Fox has been trying to cash in on the O.J. Simpson murder-case story for years. On Wednesday, the broadcast network announced its latest attempt.
The network is developing a “tentpole event series” called “The Run of His Life: The People V. O.J. Simpson,” based on Jeffrey Toobin’s book of the same name.
“Everybody remembers where they were when O.J. Simpson, riding in a white Bronco, led the police on a low-speed chase all over Los Angeles,” Fox noted in its announcement, crediting the event with the emergence of the 24-hour news cycle and “the birth of reality television.”
“The Run of His Life” will “take viewers behind the scenes of ‘The Trial of the Century,’ driven by the nonstop plot of a courtroom thriller and presenting the story of the trial as it has never been told,” Fox promised.
Fox last tried to get into bed with Simpson’s sordid story in 2006, announcing in November of that year The Practically Perfect November Sweeps Stunt: a two-hour interview in which Simpson himself would detail how he would have murdered his wife, Nicole, and her friend Ron Goldman more than 10 years earlier.
Had he done it.
Which he didn’t.
Just ask him.
“O.J. Simpson: If I Did It, Here’s How It Happened” also was to have been based on a book of the same name, this one from the NFL Hall of Famer himself; the book was scheduled to drop a couple of days after the interview — and just in time for the holiday gift-buying season. Because who wouldn’t love to find a copy of O.J.’s sort-of-hypothetical confession in their Christmas stocking on the morning of the day when we celebrate the birth of baby Jesus?
That book, BTW, was being published under an imprint of Fox parent News Corp.’s publishing house, and the head of that imprint, Judith Regan, was to have conducted the TV interview.
At that time, TV-industry suits predicted that the country would be outraged — and that viewers would tune in by the millions.
Sadly, a few days later, News Corp. canceled the book and the TV interview, succumbing to the outrage, after a dozen Fox-affiliated TV stations said they would not air the interview.
“I and senior management agree with the American public that this was an ill-considered project,” News Corp. Chairman Rupert Murdoch said at that time, adding: “We are sorry for any pain that this has caused the families of Ron Goldman and Nicole Brown Simpson.”
NBC — once the king of prime time, morning infotainment and late-night television — is now an also-ran in prime time and is struggling behind ABC’s “Good Morning America.” But NBC has managed to hang on to its front-runner status in late night with Jay Leno (after nearly falling off that throne. too, during the seven months it gave Conan O’Brien the keys to the “Tonight Show” kingdom).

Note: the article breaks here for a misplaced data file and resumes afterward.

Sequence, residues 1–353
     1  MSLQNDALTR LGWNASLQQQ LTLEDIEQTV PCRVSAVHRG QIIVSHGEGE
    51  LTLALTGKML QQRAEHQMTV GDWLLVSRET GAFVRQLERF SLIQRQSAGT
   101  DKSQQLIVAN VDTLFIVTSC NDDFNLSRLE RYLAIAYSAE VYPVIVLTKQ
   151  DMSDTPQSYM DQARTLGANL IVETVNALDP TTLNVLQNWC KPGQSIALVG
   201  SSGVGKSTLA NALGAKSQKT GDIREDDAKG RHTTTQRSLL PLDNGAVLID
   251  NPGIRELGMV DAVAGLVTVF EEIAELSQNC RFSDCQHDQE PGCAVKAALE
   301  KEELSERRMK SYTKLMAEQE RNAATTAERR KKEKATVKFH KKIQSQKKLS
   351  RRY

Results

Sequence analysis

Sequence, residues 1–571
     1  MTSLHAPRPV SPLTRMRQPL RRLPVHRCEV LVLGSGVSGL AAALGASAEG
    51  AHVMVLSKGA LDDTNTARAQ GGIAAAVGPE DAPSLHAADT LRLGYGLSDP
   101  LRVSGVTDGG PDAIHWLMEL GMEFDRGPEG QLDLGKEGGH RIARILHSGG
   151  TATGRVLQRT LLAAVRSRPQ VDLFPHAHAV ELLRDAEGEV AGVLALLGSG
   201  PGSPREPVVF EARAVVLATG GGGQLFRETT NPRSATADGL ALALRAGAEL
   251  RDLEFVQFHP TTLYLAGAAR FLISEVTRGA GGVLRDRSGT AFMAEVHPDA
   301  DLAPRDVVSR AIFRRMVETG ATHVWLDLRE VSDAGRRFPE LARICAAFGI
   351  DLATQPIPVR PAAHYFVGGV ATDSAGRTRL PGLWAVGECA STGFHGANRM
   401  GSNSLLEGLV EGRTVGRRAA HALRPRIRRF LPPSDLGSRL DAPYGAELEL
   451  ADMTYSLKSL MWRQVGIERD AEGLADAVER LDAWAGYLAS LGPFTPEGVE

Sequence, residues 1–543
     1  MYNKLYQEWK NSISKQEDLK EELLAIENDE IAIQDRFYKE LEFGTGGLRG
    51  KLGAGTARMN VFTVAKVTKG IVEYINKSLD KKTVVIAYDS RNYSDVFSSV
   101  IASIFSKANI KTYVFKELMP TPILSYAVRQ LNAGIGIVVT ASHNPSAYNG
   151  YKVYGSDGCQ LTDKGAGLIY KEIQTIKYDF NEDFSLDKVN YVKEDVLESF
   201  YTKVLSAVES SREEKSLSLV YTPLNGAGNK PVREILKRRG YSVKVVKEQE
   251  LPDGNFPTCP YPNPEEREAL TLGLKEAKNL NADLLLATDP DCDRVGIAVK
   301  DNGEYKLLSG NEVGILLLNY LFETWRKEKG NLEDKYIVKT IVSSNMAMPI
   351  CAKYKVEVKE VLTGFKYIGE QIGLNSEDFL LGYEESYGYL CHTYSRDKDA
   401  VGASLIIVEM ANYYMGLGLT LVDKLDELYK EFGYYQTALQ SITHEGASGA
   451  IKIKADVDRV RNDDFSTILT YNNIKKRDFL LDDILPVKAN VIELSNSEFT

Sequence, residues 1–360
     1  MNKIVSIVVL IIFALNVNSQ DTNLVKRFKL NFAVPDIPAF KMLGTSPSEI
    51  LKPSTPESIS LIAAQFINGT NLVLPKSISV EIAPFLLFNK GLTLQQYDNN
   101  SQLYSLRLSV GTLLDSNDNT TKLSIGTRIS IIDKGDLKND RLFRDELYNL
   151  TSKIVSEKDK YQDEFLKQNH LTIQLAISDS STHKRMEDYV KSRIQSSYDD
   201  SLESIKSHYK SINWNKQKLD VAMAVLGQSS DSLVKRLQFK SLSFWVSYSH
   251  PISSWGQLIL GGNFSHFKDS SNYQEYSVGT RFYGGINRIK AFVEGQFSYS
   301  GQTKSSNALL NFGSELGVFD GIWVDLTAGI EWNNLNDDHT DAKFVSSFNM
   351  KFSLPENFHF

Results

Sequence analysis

Naturally, NBC is working, apparently, on another plan to remove Leno from “Tonight.”
This time the plan reportedly involves Jimmy Fallon, who’s warming the bench where Conan once sat.
Fallon is reportedly destined to take over for Leno when the latter’s contract runs out in the fall of ’14. This time, however, NBC thinks it knows how to avoid the mistakes it made with Conan, reports the New York Times’ Bill Carter (who has the inside track, having written the books on late-night TV — literally).
The problem, it turns out, was geographical.
Fallon won’t be moving to Los Angeles to take over “The Tonight Show,” as Conan did; instead, the show will move back to New York, whence it came, Carter reports. “Tonight” was broadcast out of Manhattan from its launch in the mid-’50s until the middle of its Johnny Carson era.
There’s a sense of urgency about replacing Leno since ABC moved relative youngster Jimmy Kimmel to Leno’s 11:35 p.m. time slot — the fear being that Kimmel will suck up the younger viewers if Fallon doesn’t move in quickly.
Since Kimmel moved to the earlier time slot in January, Leno has hung on to his lead among 18- to 49-year-old viewers, who are the currency of late-night TV ad sales. Which does not matter.
To read previous columns by Lisa de Moraes, visit washingtonpost.com/